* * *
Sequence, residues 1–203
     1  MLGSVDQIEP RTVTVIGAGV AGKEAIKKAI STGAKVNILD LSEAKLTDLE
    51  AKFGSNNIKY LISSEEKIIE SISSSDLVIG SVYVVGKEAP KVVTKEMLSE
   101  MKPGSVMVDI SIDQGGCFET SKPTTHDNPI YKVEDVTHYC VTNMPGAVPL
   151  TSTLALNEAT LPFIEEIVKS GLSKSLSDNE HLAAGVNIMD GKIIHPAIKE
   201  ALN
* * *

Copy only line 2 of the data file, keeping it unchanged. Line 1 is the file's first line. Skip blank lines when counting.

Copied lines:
     1  MLGSVDQIEP RTVTVIGAGV AGKEAIKKAI STGAKVNILD LSEAKLTDLE